In the last week of January, Sandra Rainville and Carolyn Couchie, co-owners of the clothing consignment store Sandy’s Closet in Sturgeon Falls, packed up their fourth shipment of clothing to be delivered to a remote community in northern Ontario. The daughter-mother team have been responding to an initiative facilitated by Indigenous Unit OPP officer, Staff/Sgt Gilles Lachance to get the quality used clothing to communities that have no easy access to stores.
Rainville explains how she got involved, “Coming from a police family [her father George Couchie was with OPP] and a First Nation [Nipissing], I was aware of remote communities having clothing and financial insecurity. When I started [Sandy’s Closet], we consign name brand clothing, quality clothing, clothing that’s in style, accessories, shoes, jewelry, purses, things like that. I was getting a lot of things coming in that were very nice, in great condition, but a brand that maybe we don’t consign… [These items] are in good condition and some still have the tags on them. I thought – we have all these items, where do we go from here? We need to do something. Part of consigning clothes is that things don’t end up in landfills.”
Sandy’s Closet caters to a higher end shopper, receiving “items we might not wear anymore; we’ve lost weight, we’ve gained weight, styles have changed, or a dress we may have only worn once; all sizes from extra small to 4X.” Her consignment store took off, and in answering the needs of her clients, volume quickly increased. Soon, Rainville found herself with a higher volume of clothing than her shop could or would use.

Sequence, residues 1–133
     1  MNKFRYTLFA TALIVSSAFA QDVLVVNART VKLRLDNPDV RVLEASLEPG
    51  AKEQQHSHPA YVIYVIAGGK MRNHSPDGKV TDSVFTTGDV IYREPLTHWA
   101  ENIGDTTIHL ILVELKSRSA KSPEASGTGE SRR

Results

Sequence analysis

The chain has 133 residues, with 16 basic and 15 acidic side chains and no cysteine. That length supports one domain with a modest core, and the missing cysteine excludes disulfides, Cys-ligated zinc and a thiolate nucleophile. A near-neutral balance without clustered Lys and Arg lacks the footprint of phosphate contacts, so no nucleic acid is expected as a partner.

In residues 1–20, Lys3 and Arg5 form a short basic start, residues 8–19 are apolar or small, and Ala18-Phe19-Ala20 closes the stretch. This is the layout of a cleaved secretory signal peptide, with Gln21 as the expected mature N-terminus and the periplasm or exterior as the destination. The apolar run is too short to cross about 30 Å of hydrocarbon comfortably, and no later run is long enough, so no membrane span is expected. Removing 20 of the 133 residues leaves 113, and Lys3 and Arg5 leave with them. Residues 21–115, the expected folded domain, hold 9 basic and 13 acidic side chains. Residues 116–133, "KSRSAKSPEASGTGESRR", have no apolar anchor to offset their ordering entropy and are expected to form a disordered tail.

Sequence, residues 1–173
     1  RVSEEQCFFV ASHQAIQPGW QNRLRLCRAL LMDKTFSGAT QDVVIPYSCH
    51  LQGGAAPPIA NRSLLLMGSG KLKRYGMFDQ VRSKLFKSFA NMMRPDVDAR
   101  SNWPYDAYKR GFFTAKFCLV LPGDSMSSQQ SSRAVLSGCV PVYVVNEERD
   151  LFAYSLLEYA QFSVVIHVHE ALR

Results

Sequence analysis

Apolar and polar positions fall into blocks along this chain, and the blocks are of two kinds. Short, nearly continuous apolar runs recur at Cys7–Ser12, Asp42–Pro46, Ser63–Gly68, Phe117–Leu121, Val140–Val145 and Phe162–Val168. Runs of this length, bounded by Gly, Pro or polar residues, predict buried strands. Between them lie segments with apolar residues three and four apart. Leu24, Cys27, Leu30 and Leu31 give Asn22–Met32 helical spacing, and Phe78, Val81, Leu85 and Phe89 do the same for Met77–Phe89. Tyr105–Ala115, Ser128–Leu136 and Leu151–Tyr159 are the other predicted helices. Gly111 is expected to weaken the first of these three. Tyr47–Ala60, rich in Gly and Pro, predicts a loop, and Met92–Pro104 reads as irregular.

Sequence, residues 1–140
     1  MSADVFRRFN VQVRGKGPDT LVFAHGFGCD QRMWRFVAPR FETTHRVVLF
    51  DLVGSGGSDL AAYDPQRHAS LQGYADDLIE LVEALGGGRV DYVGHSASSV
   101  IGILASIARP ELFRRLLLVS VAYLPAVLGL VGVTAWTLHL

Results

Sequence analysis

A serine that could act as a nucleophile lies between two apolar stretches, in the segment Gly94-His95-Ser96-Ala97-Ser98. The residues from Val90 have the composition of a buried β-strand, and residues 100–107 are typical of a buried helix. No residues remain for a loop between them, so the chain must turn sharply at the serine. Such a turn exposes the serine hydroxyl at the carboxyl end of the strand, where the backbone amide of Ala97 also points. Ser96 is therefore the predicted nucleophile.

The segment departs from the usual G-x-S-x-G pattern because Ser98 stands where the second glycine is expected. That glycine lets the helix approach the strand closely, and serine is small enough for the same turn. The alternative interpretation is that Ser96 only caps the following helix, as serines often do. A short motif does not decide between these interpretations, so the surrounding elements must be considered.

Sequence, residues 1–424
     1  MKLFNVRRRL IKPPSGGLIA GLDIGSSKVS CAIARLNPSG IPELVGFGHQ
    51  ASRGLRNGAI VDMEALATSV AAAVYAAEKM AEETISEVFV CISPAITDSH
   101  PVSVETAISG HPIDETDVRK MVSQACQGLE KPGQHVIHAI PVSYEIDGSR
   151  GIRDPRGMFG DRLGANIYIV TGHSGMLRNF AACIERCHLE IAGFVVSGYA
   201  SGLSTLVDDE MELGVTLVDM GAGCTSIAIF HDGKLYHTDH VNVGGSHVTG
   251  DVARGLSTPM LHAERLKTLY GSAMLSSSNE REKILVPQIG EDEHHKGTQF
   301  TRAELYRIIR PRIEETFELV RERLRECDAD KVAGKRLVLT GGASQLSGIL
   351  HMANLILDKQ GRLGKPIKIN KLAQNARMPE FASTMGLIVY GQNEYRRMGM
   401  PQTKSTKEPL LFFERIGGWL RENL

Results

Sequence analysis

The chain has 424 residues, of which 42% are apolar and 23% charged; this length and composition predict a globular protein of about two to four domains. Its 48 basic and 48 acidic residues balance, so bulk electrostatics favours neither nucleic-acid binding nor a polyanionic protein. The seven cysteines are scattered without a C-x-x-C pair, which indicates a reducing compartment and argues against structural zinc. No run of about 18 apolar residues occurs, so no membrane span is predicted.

“The items I pack up for the north are brands we don’t consign, or styles that may not be moving. Women in remote First Nations communities, even though they experience clothing insecurity, they still want to look and feel beautiful, and they want and desire nice items to wear! When you’re dressed well, and you like what you’re wearing, your confidence is increased and you feel better… These are items that might not be brands we consign, but are in beautiful condition.”
Rainville and Couchie pack these items up, and Gilles Lachance, the Aboriginal Liaison Officer with the OPP out of the North Bay detachment, is their partner in the venture. “We got talking and he said that in Beaverhouse First Nation, north of Kirkland Lake, you can fly in and boat in or skidoo in winter. It’s not easy access to get items into the community. Of course, they are also facing COVID, and mental health and addictions issues, and people in need. So, all these items, they are all clean, in perfect condition, boxed up and Gilles gets them to the community, and their community centre gets them out to the people who need them.”